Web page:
Flextime, part time, flexplace, telecommuting, teleworking, and job-sharing are examples of flexible work options that appeal to workers of all ages. These arrangements may enable people with health problems or disabilities to remain at work and encourage older workers to stay in the labor force longer. They may also allow working caregivers to more easily fulfill both their caregiving and paid-work responsibilities.
Phased-retirement programs or retiree employment programs enable an employee who is approaching retirement age to continue working with a reduced workload and eventually transition from full-time work to full-time retirement. Receiving pension distributions during this period can make the transition possible financially. Changes to tax laws and regulations may be necessary to encourage more employers to offer phased retirement programs.
Workplace Flexibility: Policy
Availability of flexible work options
Public and private employers should provide more flexible work options, such as alternative work schedules, flextime, telecommuting, job-sharing, bridge jobs with prorated compensation and benefits, and retiree reemployment programs.
Public and private employers should offer phased-retirement programs that encourage employees to stay in the workforce beyond the time they would normally plan to retire and that protect the adequacy of their pension and retirement benefits until they do fully retire.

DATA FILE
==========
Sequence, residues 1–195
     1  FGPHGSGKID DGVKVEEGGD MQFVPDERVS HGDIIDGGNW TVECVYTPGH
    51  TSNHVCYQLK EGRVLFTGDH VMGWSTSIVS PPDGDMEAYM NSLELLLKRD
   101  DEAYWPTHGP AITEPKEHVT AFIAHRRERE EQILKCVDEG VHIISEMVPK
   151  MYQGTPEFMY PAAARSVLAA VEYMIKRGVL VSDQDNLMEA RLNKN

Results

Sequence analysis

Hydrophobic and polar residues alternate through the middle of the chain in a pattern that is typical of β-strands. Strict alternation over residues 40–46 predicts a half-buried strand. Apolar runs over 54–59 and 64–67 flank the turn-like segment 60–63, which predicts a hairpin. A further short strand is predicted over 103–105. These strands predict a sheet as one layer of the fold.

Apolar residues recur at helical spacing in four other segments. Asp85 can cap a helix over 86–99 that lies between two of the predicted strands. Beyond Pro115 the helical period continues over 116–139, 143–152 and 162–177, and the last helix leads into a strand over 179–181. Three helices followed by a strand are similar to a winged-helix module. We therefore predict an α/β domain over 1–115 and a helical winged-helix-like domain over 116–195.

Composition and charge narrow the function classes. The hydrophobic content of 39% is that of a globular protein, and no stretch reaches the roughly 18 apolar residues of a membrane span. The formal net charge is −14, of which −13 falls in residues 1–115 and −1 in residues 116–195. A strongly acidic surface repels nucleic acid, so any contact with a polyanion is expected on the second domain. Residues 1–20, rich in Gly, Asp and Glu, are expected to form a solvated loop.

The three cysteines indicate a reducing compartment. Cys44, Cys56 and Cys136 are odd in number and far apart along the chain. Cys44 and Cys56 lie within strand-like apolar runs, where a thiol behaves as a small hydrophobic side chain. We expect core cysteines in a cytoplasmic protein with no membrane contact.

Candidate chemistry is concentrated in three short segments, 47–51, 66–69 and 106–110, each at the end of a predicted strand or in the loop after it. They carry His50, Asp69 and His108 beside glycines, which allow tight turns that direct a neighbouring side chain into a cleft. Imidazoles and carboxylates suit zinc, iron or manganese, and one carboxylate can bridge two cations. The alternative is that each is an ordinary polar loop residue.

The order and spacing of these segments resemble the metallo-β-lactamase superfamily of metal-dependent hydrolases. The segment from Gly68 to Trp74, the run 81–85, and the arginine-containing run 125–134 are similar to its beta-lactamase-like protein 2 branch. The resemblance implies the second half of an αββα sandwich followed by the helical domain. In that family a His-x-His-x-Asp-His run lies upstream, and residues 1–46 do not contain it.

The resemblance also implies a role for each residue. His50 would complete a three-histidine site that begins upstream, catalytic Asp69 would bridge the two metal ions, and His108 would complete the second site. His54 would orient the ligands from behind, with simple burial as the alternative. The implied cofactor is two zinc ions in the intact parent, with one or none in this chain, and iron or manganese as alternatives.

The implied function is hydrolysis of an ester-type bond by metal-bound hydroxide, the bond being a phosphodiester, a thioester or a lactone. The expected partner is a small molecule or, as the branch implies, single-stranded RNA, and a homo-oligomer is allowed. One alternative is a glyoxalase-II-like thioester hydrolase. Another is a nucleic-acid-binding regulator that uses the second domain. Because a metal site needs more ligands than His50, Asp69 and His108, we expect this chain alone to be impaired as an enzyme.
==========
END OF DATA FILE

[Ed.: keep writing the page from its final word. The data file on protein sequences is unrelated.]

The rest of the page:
Phased-retirement options must be voluntary for employees, be designed to protect workers’ benefits both during phased retirement and after full retirement, and not undermine the long-term retirement security of workers who choose to participate.
Employers should fully inform their employees about the effect of phased-retirement programs on eligibility for and accrual of health and pension benefits.
Barriers to adoption
Policymakers should eliminate barriers to the adoption and acceptance of phased-retirement programs, ensure that such programs protect worker rights and financial security, and educate employers about how to implement such programs.
Public and private agencies should educate employers about successful partial-retirement programs, how to resolve potential legal issues surrounding such programs and how to reconcile them with company policies. Partial-retirement programs could involve such options as job-sharing, part-time work, and progressive reduction of work hours,